There is general agreement that the three species listed above are most commonly isolated from sputum during acute exacerbations, but several studies have shown that they can also be isolated from patients sputum during stable periods [2730]. Gump et al. [27] carefully followed up 25 patients in clinic every 2 weeks for 4 yrs, leading to 1,870 stable sputum samples, 116 taken during exacerbations. Isolation rates of H. influenzae and S. pneumoniae were identical during the stable phase and during an exacerbation. A different result was obtained by Fisher et al. [31] who found an increase in the frequency with which bacteria were isolated from the same patients during exacerbations compared to stable periods. Another study found greater bacterial numbers during an exacerbation compared with the stable phase; a sputum Gram stain showed fewer than two organisms per oil immersion field when patients were stable compared with 8–18 per field at the time of an exacerbation [32].

The most compelling evidence showing that bacterial infections are an important cause of exacerbations has been provided by the study of Sethi et al. [15]. The design of their study was very similar to that of Gump et al. [27] with regular follow-up visits over several years when patients are in a stable phase and additional visits at the onset of any exacerbation. However, these investigators were able to use new molecular biology techniques to accurately identify strains by DNA fingerprinting. They showed that exacerbations were twice as likely to occur when patients acquired a new strain of either H. influenzae, the pneumococcus, or M. catarrhalis compared with visits when no new strain was isolated. Thirty-three per cent of clinic visits associated with acquisition of a new bacterial strain were accompanied by an exacerbation, as compared with 15.4% of visits without acquisition of a new bacterial strain. The mechanism by which acquisition of a new strain leads to an exacerbation was not determined, but it is more likely that a new strain would not be recognised by the immune system, compared to a colonising strain that may have been present for several weeks, and this would allow it to multiply and so stimulate inflammatory responses that themselves lead to the symptoms of the exacerbation. It is also plausible that the new strain would be more successful invading the mucosa, as seen in the study of Bandi et al. [25], and that such invasion would cause epithelial damage and stimulate higher levels of inflammation.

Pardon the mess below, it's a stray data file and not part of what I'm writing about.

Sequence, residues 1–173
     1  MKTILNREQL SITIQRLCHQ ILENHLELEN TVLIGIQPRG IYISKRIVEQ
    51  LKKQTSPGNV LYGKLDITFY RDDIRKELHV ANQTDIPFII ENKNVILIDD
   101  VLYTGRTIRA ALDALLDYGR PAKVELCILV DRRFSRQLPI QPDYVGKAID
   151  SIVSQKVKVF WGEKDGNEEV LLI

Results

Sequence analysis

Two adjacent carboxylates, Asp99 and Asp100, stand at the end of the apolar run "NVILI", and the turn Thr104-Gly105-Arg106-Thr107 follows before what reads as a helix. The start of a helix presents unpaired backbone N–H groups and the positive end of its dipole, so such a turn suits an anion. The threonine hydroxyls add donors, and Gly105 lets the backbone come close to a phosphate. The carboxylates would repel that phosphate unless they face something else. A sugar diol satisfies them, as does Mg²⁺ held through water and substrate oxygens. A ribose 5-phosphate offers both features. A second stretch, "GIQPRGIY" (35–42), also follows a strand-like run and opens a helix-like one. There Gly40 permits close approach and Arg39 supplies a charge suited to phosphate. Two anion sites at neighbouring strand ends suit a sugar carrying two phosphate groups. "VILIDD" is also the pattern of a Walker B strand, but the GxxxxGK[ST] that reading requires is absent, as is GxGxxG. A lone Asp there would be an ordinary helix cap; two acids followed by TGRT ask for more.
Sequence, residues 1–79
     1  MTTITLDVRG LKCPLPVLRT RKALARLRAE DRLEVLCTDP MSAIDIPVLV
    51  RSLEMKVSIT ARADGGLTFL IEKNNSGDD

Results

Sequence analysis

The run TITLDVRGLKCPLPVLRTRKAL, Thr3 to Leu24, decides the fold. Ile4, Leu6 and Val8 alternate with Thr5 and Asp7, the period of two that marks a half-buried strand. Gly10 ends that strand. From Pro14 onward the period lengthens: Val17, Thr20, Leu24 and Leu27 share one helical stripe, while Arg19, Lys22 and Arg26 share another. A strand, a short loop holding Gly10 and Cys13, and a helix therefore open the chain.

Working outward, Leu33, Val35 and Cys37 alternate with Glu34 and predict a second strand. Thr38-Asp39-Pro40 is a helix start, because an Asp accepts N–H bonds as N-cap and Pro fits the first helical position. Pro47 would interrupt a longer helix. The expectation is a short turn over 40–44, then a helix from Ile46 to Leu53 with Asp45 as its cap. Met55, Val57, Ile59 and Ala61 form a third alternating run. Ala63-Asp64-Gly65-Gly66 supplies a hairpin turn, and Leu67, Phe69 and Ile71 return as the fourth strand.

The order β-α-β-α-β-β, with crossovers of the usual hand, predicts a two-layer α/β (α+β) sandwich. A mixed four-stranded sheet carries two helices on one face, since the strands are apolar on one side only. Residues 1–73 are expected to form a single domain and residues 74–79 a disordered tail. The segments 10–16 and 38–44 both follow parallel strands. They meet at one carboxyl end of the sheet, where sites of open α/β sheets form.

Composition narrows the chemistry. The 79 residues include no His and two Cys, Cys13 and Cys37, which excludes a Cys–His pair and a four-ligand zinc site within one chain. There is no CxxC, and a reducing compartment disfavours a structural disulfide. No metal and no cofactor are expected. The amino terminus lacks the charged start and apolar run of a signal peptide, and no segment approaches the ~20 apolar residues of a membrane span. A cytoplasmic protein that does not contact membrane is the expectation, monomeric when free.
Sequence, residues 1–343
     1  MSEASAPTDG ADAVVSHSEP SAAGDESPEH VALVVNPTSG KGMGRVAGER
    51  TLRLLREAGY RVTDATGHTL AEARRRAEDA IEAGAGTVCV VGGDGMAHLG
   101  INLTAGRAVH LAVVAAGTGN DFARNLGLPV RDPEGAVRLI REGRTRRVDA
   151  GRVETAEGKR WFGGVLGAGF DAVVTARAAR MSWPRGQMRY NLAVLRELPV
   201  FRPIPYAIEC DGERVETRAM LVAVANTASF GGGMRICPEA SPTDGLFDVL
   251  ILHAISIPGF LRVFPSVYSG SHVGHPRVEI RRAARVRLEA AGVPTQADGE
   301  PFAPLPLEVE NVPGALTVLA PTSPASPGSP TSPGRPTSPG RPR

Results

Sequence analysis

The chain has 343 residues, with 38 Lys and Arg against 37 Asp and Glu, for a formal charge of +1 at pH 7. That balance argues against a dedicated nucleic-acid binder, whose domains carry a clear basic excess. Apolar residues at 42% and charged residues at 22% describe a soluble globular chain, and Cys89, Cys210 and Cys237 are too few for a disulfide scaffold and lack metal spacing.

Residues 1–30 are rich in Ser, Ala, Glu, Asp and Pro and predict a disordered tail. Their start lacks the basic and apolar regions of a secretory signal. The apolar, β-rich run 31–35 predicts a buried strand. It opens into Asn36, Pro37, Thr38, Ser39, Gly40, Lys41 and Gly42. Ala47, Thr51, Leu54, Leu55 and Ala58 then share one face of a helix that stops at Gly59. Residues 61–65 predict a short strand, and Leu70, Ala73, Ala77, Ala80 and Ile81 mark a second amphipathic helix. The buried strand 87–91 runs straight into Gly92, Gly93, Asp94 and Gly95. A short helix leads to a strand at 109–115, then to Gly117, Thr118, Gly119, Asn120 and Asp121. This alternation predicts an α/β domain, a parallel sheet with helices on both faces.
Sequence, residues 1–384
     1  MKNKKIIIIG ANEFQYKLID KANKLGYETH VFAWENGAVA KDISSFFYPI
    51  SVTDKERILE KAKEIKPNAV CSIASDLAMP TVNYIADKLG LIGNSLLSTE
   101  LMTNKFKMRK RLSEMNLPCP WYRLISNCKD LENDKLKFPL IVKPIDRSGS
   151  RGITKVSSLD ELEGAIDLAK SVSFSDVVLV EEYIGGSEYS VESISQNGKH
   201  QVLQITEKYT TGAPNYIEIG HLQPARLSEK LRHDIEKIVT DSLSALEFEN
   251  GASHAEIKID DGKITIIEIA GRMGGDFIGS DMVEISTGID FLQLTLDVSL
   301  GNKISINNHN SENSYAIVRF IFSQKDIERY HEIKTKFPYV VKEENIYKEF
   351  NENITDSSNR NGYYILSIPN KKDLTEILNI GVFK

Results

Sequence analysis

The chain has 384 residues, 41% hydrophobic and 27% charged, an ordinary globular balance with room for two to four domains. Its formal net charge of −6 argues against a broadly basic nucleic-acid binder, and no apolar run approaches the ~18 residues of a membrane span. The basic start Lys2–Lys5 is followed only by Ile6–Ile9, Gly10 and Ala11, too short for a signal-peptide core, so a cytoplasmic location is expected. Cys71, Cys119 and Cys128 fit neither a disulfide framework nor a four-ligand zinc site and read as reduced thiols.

Older serological studies performed to study the role of bacteria in exacerbations have had several limitations, and have often yielded negative results. They have not taken into account the antigenic complexity of bacterial antigens of which those expressed on the surface are most relevant to the host-bacterial interactions, nor of the human immune response to those antigens. Therefore, several studies have used a mixture of specific and cross-reactive antibodies, often with laboratory bacterial strains rather than strains obtained from the patient themselves [6, 33]. Sethi et al. [34] have taken a different approach and shown that following an exacerbation during which H. influenzae has been isolated, there is a strain-specific immune response. This finding adds weight to the argument that the bacteria are playing a key active role in the exacerbation as they are generating a host response intended to eliminate them.